start clicking the checkbox next to GUI field that allows you to just write
the code instead of relying on the builtin mechanisms.

I write user interfaces for a living and although I've come around to
Plotkins thinking to some degree (IF is a very complex artform that requires
both writing and programming skills and _nothing_ will change that) I _do_
believe that an effective GUI could be designed and created.

I also know that I couldn't do it without the cooperation of zarf or someone
like him. So it's one of life's little conundrums. I understand the GUI part
of it and Plotkin knows the guts. Together we could do it, but one of us
feels a zealous disbelief in the result and the other simply doesn't have
the time.

I'm sorry - but in my mind I picture a 'drop-down' or 'pull-down' list of
all of my objects, properties, and attributes in the proper places and that
would be cool. I think Java boy was close (don't remember what he called his
system) but he seems to have disappeared.

My two cents.

Jarb

Jon Zeppieri

unread,
Aug 12, 1999, 3:00:00 AM8/12/99
to
In article <NFms3.406$%Y3....@news.flash.net>,

"Knight37" <goo...@blue.net> wrote:
> >
> > These are *not* disjoint sets.
>
> Well duh. Did I ever say they were?
>

...? I must have missed the point your were trying to make, then.
Sorry.

> > There aren't many
> > reasons to reinvent the wheel, but an IF system is not a wheel.
It's
> > one of those big, confusing movie computers from the early eighties
with
> > lots of flashing lights and steel toggles. Now *there's* something
that
> > could stand to be re-invented -- at least a baker's dozen times.
>
> By this you're suggesting that there is a real need to reinvent
> the parser when an IF author is attempting to code a new game?
>

Now you're missing *my* point. If you think my paragraph means what you
said....well, then we aren't speaking the same language. And it is
beginning to feel that way, like a contorted Wittgenstinian example.

> > > Aside from that, I think that IF languages do more than
> > > simply provide a parser library. I mean, if that's all they
> > > did, then yes, it would be better for a C programmer to go
> > > ahead and use C and find a parser library for C rather than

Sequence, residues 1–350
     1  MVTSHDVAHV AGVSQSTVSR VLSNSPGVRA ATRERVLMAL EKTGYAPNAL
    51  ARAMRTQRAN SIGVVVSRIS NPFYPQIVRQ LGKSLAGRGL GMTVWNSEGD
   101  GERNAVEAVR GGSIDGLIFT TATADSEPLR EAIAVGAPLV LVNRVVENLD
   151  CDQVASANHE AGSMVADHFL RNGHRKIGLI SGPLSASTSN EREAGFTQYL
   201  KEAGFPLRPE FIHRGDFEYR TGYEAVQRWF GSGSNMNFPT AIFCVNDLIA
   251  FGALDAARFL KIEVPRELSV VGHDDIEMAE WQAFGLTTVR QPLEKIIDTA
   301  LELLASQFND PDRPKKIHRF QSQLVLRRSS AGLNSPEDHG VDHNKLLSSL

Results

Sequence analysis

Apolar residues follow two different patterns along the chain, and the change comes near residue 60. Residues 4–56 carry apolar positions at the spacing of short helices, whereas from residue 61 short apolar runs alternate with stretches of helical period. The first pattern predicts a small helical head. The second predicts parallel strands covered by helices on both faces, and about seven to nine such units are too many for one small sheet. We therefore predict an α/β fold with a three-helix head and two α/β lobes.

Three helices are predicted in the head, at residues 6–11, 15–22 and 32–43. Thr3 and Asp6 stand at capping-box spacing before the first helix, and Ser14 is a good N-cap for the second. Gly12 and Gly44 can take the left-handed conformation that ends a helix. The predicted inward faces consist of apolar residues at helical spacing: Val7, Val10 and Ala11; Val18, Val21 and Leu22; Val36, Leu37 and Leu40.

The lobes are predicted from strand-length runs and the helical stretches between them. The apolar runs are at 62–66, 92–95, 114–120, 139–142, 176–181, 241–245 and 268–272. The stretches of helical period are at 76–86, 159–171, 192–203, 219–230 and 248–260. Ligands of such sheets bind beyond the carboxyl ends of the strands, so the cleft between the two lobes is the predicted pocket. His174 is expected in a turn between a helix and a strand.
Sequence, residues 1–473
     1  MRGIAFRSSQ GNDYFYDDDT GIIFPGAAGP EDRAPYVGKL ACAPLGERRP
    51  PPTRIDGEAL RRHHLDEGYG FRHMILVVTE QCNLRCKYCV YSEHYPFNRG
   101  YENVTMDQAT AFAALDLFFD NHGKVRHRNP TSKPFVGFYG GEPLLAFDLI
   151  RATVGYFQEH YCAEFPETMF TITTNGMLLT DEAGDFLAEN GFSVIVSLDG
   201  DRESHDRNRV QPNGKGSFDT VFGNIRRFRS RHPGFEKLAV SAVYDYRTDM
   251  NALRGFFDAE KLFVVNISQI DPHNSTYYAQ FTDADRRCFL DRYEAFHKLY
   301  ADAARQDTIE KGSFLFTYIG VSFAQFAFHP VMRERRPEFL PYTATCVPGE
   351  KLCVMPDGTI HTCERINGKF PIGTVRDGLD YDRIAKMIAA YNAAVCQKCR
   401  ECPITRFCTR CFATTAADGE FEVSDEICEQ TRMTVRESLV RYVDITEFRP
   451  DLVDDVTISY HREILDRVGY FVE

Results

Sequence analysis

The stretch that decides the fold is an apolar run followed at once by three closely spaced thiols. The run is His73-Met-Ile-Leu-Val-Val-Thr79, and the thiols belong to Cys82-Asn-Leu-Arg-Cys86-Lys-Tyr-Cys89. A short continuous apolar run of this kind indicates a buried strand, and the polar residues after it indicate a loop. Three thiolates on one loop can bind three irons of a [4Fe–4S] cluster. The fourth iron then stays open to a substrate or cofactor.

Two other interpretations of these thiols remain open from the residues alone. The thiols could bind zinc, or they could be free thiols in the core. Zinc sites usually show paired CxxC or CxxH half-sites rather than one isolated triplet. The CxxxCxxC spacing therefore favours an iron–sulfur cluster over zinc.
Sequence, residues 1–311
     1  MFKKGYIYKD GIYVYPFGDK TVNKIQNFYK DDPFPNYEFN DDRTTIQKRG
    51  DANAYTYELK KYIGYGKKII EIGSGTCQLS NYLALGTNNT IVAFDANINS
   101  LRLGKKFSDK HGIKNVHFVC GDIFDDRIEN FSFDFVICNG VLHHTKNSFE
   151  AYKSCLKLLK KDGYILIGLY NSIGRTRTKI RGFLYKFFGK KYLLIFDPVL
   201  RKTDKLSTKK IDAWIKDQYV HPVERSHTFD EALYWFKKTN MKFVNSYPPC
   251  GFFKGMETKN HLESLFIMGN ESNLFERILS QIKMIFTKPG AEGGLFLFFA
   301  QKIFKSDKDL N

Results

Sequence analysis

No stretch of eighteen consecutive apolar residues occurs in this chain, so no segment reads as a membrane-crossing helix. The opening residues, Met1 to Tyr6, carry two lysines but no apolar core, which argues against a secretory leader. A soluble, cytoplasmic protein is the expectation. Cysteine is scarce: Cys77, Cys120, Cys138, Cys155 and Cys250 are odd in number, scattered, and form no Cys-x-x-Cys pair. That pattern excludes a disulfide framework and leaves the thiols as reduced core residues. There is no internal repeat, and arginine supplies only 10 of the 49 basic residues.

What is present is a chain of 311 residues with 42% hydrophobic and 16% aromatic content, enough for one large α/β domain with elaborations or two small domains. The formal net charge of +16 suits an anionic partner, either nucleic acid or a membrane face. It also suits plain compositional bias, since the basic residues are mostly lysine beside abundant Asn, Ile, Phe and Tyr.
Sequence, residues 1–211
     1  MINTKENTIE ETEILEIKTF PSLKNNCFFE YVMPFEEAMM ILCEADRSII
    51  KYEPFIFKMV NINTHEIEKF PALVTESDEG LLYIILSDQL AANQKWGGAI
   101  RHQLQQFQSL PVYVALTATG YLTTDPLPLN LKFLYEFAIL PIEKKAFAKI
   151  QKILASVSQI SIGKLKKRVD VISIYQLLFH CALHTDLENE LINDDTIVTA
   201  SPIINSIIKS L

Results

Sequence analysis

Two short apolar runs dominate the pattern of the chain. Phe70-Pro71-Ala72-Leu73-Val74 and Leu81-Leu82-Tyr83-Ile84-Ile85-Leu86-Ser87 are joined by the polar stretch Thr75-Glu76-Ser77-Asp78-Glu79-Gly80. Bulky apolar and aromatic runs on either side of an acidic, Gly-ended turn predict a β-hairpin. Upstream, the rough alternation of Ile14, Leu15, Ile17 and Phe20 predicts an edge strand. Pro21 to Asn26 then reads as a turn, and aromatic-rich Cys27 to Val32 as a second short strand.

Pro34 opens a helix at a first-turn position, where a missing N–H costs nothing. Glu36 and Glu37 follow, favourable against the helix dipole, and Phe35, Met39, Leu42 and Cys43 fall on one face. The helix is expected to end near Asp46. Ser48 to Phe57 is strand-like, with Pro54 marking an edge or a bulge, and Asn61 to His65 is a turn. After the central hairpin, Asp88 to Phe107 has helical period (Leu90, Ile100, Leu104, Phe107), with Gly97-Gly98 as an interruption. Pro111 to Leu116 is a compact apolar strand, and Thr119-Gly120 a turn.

> > > to have to spend time learning a new language. But IF
> > > languages add a LOT of IF-specific help to the programmer,
> > > like daemons, and object behavior, and navigation, etc.
> >
> > No. IF *languages* do not provide these things. Libraries, written
> > *in* those languages provide these things.
>
> Oh boy. Thanks for pointing that one out. It really matters so
> much.
>

[Resisting the urge...]

Of course it matters. This thread is about parsers (and now, more
generally, IF libraries) written for general-purpose languages, right?
My point is that all of these nifty things like daemons and navigation
(I'll leave out "object behavior," because I'm not entirely sure what
you mean by that) -- which you are claiming as virtues of IF-specific
languages -- are really libraries. And why can't they be implemented
just as well in a general purpose language? And if they are implemented
as well in a general purpose language, will the result *really* be
harder to learn than Inform or TADS? These are the questions I'm
interested in.

> > And (getting back to the original point), quite frankly,
implementing
> > things like daemons is almost trivial. The parser and its
interaction
> > with the "world" is easily the most complex part of an IF system.
> > Note that a parser generator like yacc is more or less useless in
this
> > case. I think that Zarf already made this point, though.
>
> All of the other things besides the parser that IF languages
> (and their libraries, sheesh), are major time savers, not to
> mention cut out a lot of complexity for the novice.
>

I'm beginning to get the sense that you think I'm arguing something that
I'm not.

I am NOT saying that a new IF author should first create his/her own IF
system (unless, of course, he/she wants to). I AM saying that IF
libraries for a general purpose language would be desirable -- for me,
as well as others. And I AM speculating that they might even be easier
to learn for novices -- but I am NOT claiming this as revealed truth. I
AM claiming that general purpose languages, in general (i.e. not
necessarily for the purpose of writing IF), are almost certainly easier
to learn than IF-specific languages. I really do believe this. BUT,
for the *express* purpose of writing IF, an IF-specific language *may
be* easier -- I don't really think it is, but I do acknowledge the
possibility.

I hope my argument is now less offensive to you.

> > But this isn't your point, I know. You mean that languages like
> > Inform or TADS are simpler to learn that general purpose languages.
>
> Actually I was thinking that they're easier to learn IF writing
> in. Not programming in general. I mean, if I take a complete
> novice. I put Inform in front of him. Or I put Borland C++ in
> front of him. I think I'll get a work of IF out of him a lot
> sooner if I gave him Inform. Call me crazy.

Like I said, it may be the case that IF languages are easier to learn
for writing IF -- but I do not consider this necessarily true. If that
sounds funny, let me retreat to what was probably the most important
point I made in my previous post:

IF languages (yes, with libraries) are *certainly* easier to *use* for
IF programming. That does not mean that they are easier to learn. And
yes, I do think this is a very real and important distinction.

And I'm (of course) not talking about handing a novice Borland C++ and